Seniors: Driving is like baseball — you need to get home safely
|Follow j. on||and|
Q: My dad, who is 82, lives in Southern California and is still driving. My family worries about whether it is safe. Any suggestions for getting him to stop? S.M., Walnut Creek
A: Several years ago, a friend and I were visiting his 85-year-old father in a retirement community in Florida. My friend asked if he could borrow his father’s car for the evening, to which his father replied “Yes, of course, but be careful. This is Florida and there are people in their 90s who are still driving!”
How old someone is doesn’t necessarily determine their driving ability, but the reality is that stopping driving is inevitable for many older drivers; in fact, the average man will have six years without the ability to drive and the average woman 10 years.
The first question to answer is, how do you know that it is no longer safe for your father to drive? Sometimes it can be obvious, but it may be helpful to do an assessment with your dad. The AAA (http://www.seniordriving.aaa.com), AARP (http://www.aarp.org), and the American Medical Association (http://www.ama-assn.org) all have good resources to help you and your dad figure out if there are problems and pinpoint what they are.
It is also important to note that stopping driving is not the only option as someone ages. Sometimes, modifying driving can reduce the risks, but still allow some level of independence. Many older adults naturally make modifications to their driving without any intervention. No longer driving at night, on freeways, or long distances are the most common ones. Here in the Bay Area, some older adults limit their driving to going to the BART station nearest their house, then using public transportation to get to their destination.
If you can, talk with your loved one about driving before there is a problem — and make sure you choose the right person to initiate the conversation. Research shows that most married drivers want to hear from their spouses, followed closely by their doctors, and last by adult children. Older adults who are living alone generally prefer to first hear from doctors. And it is a good idea to have the conversation one-on-one rather than involve the whole family.
If you are the designated person to speak with your dad, it is important to have a plan for the conversation. Be prepared to answer questions such as, “How will I get where I need to if I stop driving?” and “Why do you think it is not safe for me to drive?” Research transportation options or set up a schedule for you, friends or neighbors to transport your dad. Three good resources for learning about transportation options are http://www.unitedweride.gov, http://www.eldercare.gov, and http://www.seniortransportation.easterseals.com. You may also want to look into things like driving classes or a car evaluation. AARP offers driving classes that may qualify your dad for an insurance discount — that alone could be a big selling point. In California, you can get a free car assessment through CarFit (http://www.car-fit.org), which assesses how well a senior’s vehicle “fits” them.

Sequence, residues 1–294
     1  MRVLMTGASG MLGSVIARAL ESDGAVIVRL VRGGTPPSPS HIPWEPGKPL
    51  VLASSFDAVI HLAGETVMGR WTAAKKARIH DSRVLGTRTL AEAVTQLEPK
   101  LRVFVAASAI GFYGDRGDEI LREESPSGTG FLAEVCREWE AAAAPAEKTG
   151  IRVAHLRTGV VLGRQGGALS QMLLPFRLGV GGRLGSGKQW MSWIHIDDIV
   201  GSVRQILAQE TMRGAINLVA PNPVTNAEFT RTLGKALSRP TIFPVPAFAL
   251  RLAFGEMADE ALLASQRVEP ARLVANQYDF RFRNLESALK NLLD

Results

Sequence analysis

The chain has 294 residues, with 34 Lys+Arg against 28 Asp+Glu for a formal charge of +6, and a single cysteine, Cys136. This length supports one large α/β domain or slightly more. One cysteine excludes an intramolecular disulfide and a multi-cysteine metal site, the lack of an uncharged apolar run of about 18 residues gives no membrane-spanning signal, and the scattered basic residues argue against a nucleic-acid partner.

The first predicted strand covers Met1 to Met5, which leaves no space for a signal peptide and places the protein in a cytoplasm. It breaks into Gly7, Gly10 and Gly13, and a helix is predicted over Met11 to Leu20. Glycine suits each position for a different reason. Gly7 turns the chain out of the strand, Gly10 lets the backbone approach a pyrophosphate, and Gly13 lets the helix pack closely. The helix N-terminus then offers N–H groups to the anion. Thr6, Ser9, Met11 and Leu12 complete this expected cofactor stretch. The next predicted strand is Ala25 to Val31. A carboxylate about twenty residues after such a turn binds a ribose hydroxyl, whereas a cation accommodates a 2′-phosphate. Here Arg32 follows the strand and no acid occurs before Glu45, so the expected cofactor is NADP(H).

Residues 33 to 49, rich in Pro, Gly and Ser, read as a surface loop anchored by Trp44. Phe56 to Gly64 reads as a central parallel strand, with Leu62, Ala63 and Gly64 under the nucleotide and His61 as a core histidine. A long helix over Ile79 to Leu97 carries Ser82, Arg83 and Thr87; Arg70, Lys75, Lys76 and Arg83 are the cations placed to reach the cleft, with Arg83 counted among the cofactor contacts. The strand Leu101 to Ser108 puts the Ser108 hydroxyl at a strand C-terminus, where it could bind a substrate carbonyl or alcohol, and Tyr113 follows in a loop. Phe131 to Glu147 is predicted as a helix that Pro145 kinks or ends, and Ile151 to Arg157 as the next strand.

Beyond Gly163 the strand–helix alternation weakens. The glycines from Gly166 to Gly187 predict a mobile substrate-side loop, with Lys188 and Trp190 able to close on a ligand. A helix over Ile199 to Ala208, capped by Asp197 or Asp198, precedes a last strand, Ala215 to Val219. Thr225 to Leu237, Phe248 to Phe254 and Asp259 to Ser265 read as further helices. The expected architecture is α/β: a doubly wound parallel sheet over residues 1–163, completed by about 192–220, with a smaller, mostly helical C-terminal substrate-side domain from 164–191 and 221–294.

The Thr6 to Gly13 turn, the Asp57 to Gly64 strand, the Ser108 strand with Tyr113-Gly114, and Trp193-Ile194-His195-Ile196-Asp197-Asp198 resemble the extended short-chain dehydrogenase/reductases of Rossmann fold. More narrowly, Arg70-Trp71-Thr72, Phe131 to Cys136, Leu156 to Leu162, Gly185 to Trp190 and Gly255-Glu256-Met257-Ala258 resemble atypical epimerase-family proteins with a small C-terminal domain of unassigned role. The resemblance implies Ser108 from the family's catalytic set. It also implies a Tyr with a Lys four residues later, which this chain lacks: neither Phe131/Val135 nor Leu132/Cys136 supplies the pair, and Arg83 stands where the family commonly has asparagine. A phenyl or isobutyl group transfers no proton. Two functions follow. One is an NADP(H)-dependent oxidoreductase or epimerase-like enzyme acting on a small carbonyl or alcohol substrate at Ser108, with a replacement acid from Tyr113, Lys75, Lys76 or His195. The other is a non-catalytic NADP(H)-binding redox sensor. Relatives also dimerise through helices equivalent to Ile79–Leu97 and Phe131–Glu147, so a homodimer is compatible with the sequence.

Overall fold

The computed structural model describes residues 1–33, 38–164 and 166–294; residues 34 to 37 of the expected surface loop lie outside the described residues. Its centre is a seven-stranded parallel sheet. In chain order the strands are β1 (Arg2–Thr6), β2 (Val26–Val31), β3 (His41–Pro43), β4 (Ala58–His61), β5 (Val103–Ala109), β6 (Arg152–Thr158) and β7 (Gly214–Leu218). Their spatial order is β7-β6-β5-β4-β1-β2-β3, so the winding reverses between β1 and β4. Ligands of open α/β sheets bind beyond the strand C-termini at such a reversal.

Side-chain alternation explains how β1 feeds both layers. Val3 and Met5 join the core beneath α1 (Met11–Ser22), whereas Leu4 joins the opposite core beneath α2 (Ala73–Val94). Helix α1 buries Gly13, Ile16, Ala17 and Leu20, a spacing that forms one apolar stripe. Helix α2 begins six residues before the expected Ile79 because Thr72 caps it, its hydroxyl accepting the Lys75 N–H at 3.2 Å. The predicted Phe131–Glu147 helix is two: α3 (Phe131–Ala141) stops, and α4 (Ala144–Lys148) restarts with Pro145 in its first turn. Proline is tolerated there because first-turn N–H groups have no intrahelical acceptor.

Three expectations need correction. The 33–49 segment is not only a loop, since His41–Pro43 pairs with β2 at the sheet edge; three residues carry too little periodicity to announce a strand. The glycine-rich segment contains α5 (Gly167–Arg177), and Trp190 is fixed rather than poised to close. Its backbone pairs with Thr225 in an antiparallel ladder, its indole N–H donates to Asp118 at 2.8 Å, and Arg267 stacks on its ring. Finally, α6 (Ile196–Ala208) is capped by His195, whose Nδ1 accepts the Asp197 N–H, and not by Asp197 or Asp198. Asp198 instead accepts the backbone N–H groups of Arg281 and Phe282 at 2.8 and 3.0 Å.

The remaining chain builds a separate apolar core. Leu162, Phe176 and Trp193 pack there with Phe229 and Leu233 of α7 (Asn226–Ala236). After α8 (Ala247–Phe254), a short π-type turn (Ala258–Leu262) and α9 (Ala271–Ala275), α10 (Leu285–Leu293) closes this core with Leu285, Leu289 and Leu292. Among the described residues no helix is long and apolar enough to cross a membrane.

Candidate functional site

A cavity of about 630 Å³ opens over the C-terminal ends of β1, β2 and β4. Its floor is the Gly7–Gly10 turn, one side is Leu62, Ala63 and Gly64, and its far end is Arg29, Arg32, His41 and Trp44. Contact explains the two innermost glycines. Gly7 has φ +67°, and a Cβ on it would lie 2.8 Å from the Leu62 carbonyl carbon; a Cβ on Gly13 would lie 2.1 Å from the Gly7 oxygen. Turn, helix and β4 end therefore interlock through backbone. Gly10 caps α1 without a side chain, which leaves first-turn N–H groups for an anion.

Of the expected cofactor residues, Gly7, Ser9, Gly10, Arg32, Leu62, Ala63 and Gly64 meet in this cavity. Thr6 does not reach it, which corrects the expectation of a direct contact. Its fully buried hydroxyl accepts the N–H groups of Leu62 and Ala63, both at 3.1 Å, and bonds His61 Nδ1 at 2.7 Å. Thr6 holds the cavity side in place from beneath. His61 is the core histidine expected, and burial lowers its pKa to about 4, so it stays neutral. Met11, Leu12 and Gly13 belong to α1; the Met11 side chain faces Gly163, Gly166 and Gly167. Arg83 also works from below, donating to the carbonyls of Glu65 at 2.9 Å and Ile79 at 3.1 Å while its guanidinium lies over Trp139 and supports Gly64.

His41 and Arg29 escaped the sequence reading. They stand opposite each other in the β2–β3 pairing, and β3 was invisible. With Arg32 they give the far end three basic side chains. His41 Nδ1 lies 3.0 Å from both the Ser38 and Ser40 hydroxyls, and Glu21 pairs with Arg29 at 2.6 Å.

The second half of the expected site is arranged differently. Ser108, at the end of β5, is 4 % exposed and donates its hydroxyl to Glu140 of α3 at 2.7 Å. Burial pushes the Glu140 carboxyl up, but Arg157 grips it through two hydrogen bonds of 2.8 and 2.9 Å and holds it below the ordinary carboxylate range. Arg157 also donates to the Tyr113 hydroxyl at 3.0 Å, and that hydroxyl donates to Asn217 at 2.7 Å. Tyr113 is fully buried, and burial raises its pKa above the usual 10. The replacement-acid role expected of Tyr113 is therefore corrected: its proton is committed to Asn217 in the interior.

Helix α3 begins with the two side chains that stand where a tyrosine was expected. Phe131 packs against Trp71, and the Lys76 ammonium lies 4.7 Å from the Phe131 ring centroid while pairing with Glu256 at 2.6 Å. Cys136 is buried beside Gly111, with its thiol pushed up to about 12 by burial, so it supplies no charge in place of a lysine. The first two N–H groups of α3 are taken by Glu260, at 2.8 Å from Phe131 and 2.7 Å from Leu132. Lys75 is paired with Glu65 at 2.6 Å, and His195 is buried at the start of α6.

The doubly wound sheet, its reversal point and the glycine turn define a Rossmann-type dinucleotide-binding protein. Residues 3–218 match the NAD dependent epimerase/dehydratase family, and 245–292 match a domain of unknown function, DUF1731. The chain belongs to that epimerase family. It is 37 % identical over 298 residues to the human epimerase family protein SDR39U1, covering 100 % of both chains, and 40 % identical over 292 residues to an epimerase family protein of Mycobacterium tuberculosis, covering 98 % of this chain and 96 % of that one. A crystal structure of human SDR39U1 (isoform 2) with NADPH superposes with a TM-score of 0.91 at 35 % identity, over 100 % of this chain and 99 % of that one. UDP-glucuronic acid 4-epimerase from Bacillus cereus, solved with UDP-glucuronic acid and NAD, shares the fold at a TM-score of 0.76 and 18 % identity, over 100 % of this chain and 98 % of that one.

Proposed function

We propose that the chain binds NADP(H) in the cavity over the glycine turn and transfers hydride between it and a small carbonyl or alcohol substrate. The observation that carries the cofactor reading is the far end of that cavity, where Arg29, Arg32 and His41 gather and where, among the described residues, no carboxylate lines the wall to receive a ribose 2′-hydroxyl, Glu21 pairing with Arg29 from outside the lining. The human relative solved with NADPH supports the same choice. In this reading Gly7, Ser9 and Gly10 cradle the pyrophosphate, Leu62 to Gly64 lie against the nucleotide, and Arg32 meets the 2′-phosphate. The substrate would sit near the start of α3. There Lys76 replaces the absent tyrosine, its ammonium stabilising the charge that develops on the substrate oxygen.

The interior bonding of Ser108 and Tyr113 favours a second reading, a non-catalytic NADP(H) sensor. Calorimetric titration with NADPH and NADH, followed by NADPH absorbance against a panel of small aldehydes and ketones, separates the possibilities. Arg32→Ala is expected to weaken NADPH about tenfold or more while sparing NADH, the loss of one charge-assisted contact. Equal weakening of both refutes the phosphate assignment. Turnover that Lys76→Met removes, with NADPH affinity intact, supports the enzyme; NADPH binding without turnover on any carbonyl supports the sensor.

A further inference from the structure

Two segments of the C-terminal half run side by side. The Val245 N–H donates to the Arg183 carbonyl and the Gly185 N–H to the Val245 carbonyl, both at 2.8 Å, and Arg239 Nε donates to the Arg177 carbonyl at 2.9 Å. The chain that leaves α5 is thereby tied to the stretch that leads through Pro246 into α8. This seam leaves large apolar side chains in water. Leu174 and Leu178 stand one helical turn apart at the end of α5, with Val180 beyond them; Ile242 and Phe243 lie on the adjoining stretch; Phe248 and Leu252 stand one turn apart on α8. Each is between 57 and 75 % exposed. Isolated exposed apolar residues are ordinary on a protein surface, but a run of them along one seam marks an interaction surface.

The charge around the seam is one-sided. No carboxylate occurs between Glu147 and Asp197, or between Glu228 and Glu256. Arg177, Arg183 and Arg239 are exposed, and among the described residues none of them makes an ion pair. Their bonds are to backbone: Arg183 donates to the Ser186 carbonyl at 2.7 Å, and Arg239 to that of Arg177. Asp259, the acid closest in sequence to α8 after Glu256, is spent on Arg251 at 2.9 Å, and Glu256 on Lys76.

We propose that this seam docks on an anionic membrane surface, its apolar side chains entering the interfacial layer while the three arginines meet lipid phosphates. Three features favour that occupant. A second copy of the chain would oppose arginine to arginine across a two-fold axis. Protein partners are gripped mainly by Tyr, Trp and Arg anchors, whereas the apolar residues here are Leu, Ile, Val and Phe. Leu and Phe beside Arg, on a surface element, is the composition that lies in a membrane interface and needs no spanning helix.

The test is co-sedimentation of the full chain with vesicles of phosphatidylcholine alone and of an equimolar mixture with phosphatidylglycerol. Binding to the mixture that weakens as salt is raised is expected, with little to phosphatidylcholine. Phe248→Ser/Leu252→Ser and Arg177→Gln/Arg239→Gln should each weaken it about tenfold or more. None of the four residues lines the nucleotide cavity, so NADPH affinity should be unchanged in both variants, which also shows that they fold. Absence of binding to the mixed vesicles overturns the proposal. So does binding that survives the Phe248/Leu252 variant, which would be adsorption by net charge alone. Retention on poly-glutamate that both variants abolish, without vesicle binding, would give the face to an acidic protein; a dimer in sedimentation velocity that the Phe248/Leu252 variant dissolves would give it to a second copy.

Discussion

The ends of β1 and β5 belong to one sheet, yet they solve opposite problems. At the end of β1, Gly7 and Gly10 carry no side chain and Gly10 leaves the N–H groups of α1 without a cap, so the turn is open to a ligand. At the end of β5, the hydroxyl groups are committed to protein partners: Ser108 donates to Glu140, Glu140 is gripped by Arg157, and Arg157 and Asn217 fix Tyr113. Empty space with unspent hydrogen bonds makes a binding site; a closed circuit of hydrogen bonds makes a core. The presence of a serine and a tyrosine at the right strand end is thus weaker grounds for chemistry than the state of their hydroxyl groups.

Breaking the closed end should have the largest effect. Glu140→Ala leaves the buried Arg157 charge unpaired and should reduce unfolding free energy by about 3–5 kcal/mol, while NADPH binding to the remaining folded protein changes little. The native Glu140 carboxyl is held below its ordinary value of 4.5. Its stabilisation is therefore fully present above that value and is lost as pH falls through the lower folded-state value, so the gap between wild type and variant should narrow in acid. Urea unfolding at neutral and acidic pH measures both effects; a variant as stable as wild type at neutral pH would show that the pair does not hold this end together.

Once the plan is in place, you are ready to start the conversation. It may be obvious, but it’s worth repeating: be patient and don’t be put off by initial negative reactions! It may take several conversations (and unfortunately this seems to be especially true with dads). Keep in mind that the idea of stopping driving will bring up lots of feelings. Address your dad’s concerns, be empathetic, and focus on the facts, not his age. It can be helpful to have some specific examples of driving behavior you have seen — not presented in a way that will make your dad defensive but in a way that illustrates what you are concerned about. You can also discuss the cost of the car and the consequences of having an accident — both for him and other drivers on the road.
Doctors are often a good option if your father is resistant to speaking with you. In California, physicians are required to report all patients diagnosed with a disorder that could impair their ability to operate a motor vehicle. If you feel like you are having particular trouble getting through to him, it might be helpful to bring in an outside person, like a professional geriatric social worker (available through agencies like JFCS/East Bay), who can help you both work through the emotional and logistical issues around driving.
Try different approaches and be prepared to have the conversation many times. The good news is that more than half of older drivers do follow suggestions about their own driving.
However, if you are concerned about your dad’s driving because of dementia, then you will have to take a very different approach. With dementia that is progressive, older drivers may lack the insight, cognitive ability and memory capacity necessary to drive safely. This is clearly a significant safety issue. As a last resort, you can report your concerns to the DMV by completing a “Request for Driver Reexamination.” While you cannot make an anonymous report, you can ask the DMV to keep your name confidential. The DMV will then evaluate the driver’s ability to drive safely. For more information about how to handle an older adult driver with dementia, contact Family Caregiver Alliance (http://www.caregiver.org) or the Alzheimer’s Association (http://www.alz.org).
While talking through these issues with your dad may be difficult, the results can be very worthwhile if you go about it in a thoughtful and clear way. To paraphrase former Major League baseball player and manager Tommy Lasorda, driving is like baseball — it’s the one who gets home safely that counts. And, I would add, doesn’t hurt anyone in the process of getting there. Make sure your dad understands above all that your primary concern is his safety and that of the people around him. n
Be the first to comment!